“Practice self-compassion. Be your own best, kind, compassionate, caring friend.”

Kristin Neff, Ph.D. received her doctorate in human development from the University of California at Berkeley in 1997 and is now an associate professor in human development at the University of Texas at Austin. Her research centers on self-concept development, specifically the development of self-compassion. She teaches workshops on self- compassion for clinicians, alongside Chris Germer at Harvard University. She is the author of the book Self-Compassion: How to Stop Judging Yourself and Embrace the Joy of Being Human. Kristin lives in the countryside in Elgin, Texas, with her husband, Rupert Isaacson—an author and a human rights activist—and their young son, Rowan. She and her family were recently featured in the film and book called The Horse Boy, about their journey through Mongolia to search for a cure for their son’s autism. She is also the co-founder of the Horse Boy Foundation. (www.Self-Compassion.org; www.HorseBoyFoundation.org)

The Interview

Though I had met her husband, Rupert, I finally had the privilege of meeting Kristin and their son, Rowan, in person when she graciously agreed to be interviewed for the book and invited me to dinner. We filmed both her and Rupert’s interviews at their home that evening in Elgin, TX.  Kristin is beyond lovely, funny, and sharp, and together she and Rupert are a unique and impressive couple. You can go witness that in the beautiful movie and book The Horse Boy. I didn’t know what Kristin’s epiphany would be, but I assumed it probably had something to do with that project. Once again, surprise! It was not what I was expecting, and her epiphany of self-compassion changed something inside me, right on the spot. I use a quote from her interview as the epigraph to the book because it metaphorically describes what happens when you open a book – you don’t know what you are going to find but you’re willing to walk through this new doorway – and it also describes exactly what I have experienced and learned from this project and feel is very true about epiphanies in general:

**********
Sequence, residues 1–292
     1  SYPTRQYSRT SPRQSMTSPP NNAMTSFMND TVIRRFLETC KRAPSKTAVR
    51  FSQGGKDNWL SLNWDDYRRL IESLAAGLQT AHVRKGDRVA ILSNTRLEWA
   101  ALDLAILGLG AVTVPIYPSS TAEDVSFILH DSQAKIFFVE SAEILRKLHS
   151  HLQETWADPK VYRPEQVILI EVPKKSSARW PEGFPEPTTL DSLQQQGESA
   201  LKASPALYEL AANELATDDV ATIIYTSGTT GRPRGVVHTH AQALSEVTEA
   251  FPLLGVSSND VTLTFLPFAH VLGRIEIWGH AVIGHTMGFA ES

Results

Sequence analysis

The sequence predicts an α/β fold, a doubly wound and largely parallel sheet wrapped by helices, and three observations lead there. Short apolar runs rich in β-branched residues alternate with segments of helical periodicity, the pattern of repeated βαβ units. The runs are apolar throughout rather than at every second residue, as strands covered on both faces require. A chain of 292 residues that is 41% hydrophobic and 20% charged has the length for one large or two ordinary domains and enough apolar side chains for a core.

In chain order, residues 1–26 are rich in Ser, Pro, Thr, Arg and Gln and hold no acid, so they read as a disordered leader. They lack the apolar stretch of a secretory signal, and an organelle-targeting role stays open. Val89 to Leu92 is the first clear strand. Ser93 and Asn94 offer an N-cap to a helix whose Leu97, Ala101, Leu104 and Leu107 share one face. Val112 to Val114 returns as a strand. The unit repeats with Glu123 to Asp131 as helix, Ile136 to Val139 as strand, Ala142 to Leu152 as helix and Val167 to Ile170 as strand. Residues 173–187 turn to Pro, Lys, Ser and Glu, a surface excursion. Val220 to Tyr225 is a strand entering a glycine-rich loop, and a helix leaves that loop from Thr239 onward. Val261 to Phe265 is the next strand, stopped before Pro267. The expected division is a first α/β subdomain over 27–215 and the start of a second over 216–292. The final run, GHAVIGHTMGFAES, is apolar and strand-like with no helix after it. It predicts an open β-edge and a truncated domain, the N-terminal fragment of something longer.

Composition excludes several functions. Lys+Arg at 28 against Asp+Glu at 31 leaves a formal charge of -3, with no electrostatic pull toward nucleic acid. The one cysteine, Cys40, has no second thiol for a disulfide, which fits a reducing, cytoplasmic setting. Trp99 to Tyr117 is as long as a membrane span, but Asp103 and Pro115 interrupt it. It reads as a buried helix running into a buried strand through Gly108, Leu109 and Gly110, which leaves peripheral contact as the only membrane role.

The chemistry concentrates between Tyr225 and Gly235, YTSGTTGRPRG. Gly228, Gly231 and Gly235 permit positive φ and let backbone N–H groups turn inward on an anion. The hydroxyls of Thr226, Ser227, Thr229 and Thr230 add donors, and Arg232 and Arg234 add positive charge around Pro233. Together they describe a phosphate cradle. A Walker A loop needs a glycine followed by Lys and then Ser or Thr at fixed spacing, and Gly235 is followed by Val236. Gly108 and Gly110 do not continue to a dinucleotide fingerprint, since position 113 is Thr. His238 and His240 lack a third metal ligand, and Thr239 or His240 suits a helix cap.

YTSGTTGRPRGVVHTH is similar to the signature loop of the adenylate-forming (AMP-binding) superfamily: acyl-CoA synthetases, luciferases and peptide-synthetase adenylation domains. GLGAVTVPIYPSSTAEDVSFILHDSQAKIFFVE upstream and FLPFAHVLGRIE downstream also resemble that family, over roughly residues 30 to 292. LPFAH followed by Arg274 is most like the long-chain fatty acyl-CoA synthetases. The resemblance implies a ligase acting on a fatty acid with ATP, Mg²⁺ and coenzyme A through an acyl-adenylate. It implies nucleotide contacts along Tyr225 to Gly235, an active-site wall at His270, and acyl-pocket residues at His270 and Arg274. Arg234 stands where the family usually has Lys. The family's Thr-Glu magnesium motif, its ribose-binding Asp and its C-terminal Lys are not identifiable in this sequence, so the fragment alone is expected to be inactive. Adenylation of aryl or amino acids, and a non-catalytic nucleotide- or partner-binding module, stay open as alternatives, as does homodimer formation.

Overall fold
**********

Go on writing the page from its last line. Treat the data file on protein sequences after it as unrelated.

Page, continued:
“The epiphany was like life opened a doorway, and my job was to walk through it. I didn’t know what I was going to find. I didn’t know what was going to happen. But in life, you don’t ever know what’s going to happen. What I do know is that as life continues to open these doors, I feel safe enough and trusting enough to walk through them.”
—Kristin Neff

Here is Kristin’s 2013 TEDx Talk: “The Space Between Self-Esteem and Self Compassion”


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